New laws published in Saudi Arabia have lifted restrictions that prevent women from applying for a passport.
The latest decree also permits women to register a marriage, divorce or child’s birth and be issued official family documents, the Guardian reports.
They will no longer need the permission of a male guardian to travel, according to the regulations, in a key step towards dismantling controls that have made women second-class citizens in their own country.
Other changes issued in the decrees allow women to apply for passports, register a marriage, divorce, register a child’s birth and be issued official family documents.
It also stipulates that a father or mother can be legal guardians of children. Being able to obtain family documents could ease hurdles women face in obtaining a national identity card and enrolling their children in school.
Still in place, however, are rules that require male consent for a woman to leave prison, exit a domestic abuse shelter or marry. Women, unlike men, still cannot pass on citizenship to their children and cannot provide consent for their children to marry.
Under the kingdom’s guardianship system, women essentially rely on the “goodwill” and whims of male relatives to determine the course of their lives.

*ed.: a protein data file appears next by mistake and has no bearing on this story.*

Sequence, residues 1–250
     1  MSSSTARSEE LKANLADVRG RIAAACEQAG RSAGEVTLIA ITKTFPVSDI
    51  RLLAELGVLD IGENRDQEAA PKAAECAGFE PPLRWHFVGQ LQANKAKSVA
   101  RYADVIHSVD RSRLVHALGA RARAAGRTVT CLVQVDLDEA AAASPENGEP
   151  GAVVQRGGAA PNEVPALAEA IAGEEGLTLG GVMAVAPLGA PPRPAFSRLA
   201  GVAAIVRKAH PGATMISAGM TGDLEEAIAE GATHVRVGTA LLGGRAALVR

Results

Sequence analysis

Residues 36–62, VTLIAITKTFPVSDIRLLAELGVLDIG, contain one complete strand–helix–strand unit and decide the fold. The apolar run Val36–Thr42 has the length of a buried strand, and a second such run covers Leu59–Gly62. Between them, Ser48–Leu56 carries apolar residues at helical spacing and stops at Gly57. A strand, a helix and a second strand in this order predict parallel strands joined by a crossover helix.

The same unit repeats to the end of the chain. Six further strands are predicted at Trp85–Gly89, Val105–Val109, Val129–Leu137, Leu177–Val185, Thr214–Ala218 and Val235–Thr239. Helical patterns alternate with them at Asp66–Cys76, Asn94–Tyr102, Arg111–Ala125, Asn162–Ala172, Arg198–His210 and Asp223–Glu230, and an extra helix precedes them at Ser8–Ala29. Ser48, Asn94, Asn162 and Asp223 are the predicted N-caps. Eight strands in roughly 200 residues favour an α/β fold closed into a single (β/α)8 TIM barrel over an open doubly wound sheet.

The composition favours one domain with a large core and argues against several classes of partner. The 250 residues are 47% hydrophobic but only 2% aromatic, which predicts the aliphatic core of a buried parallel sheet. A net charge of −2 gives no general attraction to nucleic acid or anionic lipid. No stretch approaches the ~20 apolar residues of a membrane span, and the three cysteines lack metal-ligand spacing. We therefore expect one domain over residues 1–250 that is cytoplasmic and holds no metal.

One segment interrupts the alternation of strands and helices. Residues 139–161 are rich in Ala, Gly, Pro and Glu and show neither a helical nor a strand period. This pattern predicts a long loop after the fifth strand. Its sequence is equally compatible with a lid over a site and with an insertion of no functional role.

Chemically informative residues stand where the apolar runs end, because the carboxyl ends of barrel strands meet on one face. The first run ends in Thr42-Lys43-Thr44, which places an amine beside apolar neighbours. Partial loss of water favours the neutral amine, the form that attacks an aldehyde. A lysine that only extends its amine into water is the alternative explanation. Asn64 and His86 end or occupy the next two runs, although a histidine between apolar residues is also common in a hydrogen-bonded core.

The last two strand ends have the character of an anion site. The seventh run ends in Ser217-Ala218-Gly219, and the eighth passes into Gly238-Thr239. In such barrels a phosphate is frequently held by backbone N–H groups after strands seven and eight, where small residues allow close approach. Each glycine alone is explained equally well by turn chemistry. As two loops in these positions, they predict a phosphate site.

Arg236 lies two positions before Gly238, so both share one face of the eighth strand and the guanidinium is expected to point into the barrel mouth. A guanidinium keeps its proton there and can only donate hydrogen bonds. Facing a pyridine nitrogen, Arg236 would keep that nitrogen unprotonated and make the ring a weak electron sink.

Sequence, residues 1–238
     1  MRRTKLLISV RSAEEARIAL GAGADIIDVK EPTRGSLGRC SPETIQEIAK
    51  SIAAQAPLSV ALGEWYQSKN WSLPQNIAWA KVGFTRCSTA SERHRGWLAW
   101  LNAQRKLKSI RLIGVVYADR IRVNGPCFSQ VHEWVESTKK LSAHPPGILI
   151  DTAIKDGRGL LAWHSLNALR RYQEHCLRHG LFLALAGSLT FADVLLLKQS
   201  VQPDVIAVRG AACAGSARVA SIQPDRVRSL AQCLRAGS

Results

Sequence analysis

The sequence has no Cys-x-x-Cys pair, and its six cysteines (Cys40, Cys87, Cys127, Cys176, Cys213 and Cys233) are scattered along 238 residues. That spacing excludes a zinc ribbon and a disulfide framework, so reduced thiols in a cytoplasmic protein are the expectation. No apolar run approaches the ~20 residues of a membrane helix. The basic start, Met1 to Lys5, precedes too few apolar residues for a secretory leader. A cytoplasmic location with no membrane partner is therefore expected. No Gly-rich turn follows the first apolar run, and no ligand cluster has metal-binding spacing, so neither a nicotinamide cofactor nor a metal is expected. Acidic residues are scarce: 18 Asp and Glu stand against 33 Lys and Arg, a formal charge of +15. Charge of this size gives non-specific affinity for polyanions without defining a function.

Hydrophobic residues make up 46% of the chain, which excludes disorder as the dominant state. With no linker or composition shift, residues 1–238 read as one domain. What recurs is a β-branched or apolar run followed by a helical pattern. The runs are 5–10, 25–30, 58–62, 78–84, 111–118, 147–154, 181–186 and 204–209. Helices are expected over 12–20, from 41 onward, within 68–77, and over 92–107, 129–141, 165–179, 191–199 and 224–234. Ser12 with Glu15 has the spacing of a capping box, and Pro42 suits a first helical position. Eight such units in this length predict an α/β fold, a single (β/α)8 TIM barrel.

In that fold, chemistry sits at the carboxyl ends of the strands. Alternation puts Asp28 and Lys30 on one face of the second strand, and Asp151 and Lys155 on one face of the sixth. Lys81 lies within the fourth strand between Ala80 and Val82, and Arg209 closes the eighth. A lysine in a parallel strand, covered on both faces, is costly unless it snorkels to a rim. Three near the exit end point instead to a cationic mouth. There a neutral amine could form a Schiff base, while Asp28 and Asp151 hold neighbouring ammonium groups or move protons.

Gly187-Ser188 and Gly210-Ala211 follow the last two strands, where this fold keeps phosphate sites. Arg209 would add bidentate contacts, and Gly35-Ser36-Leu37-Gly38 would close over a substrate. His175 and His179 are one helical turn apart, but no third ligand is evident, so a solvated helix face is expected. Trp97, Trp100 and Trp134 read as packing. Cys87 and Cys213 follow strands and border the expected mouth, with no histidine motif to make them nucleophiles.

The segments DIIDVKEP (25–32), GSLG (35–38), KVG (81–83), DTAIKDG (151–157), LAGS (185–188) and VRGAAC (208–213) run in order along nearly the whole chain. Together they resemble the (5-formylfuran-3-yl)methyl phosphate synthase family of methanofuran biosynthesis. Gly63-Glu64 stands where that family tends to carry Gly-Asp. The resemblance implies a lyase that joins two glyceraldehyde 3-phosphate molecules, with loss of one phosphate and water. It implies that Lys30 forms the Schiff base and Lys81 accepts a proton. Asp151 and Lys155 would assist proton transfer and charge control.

Friday’s move comes at a time of increased international scrutiny of women’s status in Saudi Arabia. In recent months, several young women have fled the country and made public pleas for help in seeking asylum from their family and the government.
Last year, authorities arrested many of the country’s most prominent female campaigners in a sweeping crackdown on activists. The country’s crown prince and de facto ruler, Mohammed bin Salman, has sought to present himself as a modernist reformer since being appointed heir to the throne in 2017. Critics say the jailing of female activists under his watch and the treatment of dissidents, including Jamal Khashoggi, the journalist who was murdered at the Saudi consulate in Istanbul, suggests the regime only wants change on its terms.
Prince Mohammed has brought in sweeping social and economic changes, aimed partly at weaning the country off its dependence on oil revenue. He has also dismantled some of the strictest controls over women. Last year, a driving ban was lifted, and rules were altered freeing women from needing permission from a male guardian to study at university, undergo surgery or get a job.
The crown prince has also curbed the powers of the religious police, who once pursued women they considered immodestly dressed to check they had a guardian’s permission for their activities. They also broke up mixed-sex gatherings.